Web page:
Open Your Account to Me, ‘Cause I’ll Give You Security

“Account” is a slippery word. It’s a noun, it’s a transitive verb, it’s an intransitive verb. It slips into a number of idiomatic phrases.* And when it comes to AWS, it’s a misleading word.

It is important to separate the concept of access from the concept of an account. Since most people at Penn have a banking account, I will use the example of banking to separate the two concepts.

Let’s assume you have money in a checking account in a bank. The bank assigns an identifier to your account. If the bank is secure you are the only person who can add or remove money from your account. One process, authentication, confirms that you are you. A second process, authorization, determines that you are entitled to add or remove money from your account.


You have an ATM card. When you put the ATM card in an ATM you are providing authentication that you are the person entitled to add or remove money from that account. As a precaution, the bank asks for a PIN as a second form of authentication. (That’s right, you’ve been doing two-factor authentication ever since you started using an ATM.)


Independent of that authentication, the bank has authorized anyone who authenticates with your ATM card and PIN to deposit or withdraw money from the account.

It probably does not seem like an independent process, but it is. Suppose you subsequently get a savings account at the same bank. The bank will change your authorization so that you can access the savings account. However, nothing about authentication will change. You won’t have to get a separate ATM card for the savings account, and you won’t need to change your PIN. Your authorization changes, but your authentication stays the same.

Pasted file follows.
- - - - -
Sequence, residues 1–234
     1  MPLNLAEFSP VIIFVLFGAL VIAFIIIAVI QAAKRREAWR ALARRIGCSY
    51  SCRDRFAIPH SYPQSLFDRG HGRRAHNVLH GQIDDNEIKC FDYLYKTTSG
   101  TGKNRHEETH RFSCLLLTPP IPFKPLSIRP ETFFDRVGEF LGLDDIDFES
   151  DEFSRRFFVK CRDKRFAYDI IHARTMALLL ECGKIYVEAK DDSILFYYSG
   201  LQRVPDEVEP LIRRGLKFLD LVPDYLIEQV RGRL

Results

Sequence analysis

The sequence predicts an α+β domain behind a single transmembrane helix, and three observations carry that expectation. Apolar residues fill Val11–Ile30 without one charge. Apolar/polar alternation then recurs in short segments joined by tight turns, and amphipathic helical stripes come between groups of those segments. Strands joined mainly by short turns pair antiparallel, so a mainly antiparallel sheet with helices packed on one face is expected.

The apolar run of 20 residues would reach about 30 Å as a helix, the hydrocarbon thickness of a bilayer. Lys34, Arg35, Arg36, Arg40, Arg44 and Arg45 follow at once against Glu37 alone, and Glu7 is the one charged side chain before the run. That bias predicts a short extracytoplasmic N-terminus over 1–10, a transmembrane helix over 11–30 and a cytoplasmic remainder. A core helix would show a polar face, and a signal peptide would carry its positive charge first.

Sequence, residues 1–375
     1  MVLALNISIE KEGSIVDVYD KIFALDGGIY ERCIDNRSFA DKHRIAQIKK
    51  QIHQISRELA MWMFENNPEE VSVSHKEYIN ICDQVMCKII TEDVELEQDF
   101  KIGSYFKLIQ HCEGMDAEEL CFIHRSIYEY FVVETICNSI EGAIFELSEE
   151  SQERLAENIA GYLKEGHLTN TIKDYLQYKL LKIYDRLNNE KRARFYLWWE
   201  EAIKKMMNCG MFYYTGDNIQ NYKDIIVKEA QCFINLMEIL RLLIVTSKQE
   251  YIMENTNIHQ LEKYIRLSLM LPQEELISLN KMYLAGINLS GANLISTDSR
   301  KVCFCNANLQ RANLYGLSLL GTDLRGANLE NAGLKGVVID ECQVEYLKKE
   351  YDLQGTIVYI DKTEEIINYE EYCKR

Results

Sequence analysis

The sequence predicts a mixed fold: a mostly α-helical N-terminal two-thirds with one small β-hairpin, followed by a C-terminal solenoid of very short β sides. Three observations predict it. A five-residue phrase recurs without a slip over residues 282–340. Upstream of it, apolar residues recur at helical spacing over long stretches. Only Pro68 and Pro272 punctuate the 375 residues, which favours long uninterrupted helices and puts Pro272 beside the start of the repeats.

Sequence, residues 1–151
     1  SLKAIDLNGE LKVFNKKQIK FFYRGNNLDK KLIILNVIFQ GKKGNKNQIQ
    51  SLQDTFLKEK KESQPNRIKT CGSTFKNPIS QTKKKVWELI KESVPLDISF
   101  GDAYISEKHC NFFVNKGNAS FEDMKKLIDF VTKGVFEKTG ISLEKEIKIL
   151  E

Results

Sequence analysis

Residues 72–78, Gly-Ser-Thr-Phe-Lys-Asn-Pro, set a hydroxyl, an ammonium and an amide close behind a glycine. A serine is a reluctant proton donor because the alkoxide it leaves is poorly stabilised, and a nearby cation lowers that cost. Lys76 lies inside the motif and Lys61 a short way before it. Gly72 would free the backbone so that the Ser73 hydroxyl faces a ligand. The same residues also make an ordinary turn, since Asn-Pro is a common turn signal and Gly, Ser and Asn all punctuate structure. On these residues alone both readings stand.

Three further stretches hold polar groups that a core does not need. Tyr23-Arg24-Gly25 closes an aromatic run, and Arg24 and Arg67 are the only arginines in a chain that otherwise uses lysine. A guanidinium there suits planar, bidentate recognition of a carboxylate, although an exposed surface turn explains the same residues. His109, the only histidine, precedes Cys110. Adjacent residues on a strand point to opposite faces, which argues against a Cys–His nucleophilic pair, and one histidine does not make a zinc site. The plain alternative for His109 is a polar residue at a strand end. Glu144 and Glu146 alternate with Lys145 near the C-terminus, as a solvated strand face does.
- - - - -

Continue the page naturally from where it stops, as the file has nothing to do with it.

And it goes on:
Shared Access

What if you want to grant someone else access to your bank accounts? That person will be issued their own ATM card and they will have their own PIN. They are not you, so they should not authenticate as you. However, the bank will authorize them to have access to the same accounts that you have. In the world of Identity and Access Management (IAM), you and the joint account holder will have the same role.

AWS Authentication and Authorization

This is directly analogous to our Landing Zone at AWS. When you log in with your PennKey Username and Password you are authenticating—proving who you are. It’s the same process as when you access the PTO system or your benefits information.

What happens next depends on authorization. If you have been authorized to access an AWS account, you can. If you have not been authorized, you can’t. There are different levels of authorization, or roles. All accounts at Wharton start with two roles: ReadOnly and AdministratorAccess. It is possible to craft additional roles, and I’m sure that will happen.

For anyone who has already experimented or worked with AWS the Wharton setup will seem strange at first. Beginners with AWS start by creating their own AWS account. They create their own authentication with an ID and password. By default they have authorization to do add or remove anything in that account. They also manage all the security for that AWS account. They can grant access to their AWS account by creating something called an IAM User.

That system would not scale well to Wharton Computing, where scores of users need access to multiple resources in multiple AWS accounts. And Wharton’s system reduces the risk of accidental exposure. Resources in one AWS linked account are visible only to users who have been granted a role in that account.

* *“Give a good account of yourself,” “On no account,” “No-account,” “On your own account,” “On account of,” “By all accounts.”